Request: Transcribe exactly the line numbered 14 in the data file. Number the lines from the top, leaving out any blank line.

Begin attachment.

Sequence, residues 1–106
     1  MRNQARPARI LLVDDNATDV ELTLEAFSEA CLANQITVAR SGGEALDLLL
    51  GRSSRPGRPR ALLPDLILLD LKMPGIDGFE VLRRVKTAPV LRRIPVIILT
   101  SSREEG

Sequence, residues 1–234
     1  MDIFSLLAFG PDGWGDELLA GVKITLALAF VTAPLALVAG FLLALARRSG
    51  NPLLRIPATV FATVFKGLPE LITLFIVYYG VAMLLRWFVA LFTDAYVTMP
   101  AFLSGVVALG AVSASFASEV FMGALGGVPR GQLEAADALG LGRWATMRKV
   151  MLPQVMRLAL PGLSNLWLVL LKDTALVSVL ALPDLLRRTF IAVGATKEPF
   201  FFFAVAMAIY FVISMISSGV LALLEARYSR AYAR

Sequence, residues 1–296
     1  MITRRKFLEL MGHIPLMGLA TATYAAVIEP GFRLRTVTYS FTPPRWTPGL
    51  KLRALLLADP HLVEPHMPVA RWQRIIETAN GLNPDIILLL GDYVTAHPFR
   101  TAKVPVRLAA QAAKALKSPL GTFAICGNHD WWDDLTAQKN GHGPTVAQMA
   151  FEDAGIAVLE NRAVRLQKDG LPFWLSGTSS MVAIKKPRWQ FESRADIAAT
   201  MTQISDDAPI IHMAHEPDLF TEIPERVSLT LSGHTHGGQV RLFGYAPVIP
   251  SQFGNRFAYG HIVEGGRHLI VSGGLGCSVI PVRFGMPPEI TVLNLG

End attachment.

   101  TAKVPVRLAA QAAKALKSPL GTFAICGNHD WWDDLTAQKN GHGPTVAQMA